How Headphones Damage the Ears?
Believe it or not, headphones can damage your hearing in the same way that things like chainsaws and motorcycles can (Danielle 2015). Chainsaws and motorcycle engines create about 100 decibels of sound. That much sound can start to damage a person’s ears after less than half an hour. An MP3 player at 70% of its top volume is about 85 decibels. Sounds at 85 dB or below is considered safe.
How Does Noise Cause Hearing Loss?
The ear is made up of three parts that work together to process sounds: the outer ear, the middle ear, and the inner ear. Part of the inner ear called the cochlea contains tiny hair cells. These hair cells help send sound messages to the brain. But loud noise can damage the hair cells. When this happens, the cochlea can’t relay sound messages to the brain as well.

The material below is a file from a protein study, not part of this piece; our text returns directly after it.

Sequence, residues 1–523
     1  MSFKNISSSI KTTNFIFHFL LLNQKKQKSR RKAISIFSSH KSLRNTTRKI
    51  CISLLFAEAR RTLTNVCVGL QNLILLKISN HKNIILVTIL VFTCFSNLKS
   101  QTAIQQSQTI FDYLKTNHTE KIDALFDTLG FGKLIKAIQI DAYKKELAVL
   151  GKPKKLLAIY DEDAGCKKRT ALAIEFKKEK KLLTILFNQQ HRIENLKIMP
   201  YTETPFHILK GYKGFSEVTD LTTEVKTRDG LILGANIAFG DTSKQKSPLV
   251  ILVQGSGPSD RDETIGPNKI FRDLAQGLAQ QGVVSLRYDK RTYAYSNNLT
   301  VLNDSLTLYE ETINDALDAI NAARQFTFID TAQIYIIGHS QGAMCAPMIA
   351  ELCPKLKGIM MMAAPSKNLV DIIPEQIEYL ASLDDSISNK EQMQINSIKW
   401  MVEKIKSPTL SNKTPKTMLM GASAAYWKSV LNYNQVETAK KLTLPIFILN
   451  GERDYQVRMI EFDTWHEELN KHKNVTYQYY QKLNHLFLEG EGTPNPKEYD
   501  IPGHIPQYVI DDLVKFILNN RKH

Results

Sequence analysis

The number of our hair cells is fixed with our birth. The hair cells in each ear are about twelve to fifteen thousand. These hair cells don’t have cell regeneration ability. In the process of growth, if you lose a hair cell because of noise, the number of hair cells will reduce by one. In other words, turning the volume up and listening for long periods of time can put you in real danger of permanent hearing loss.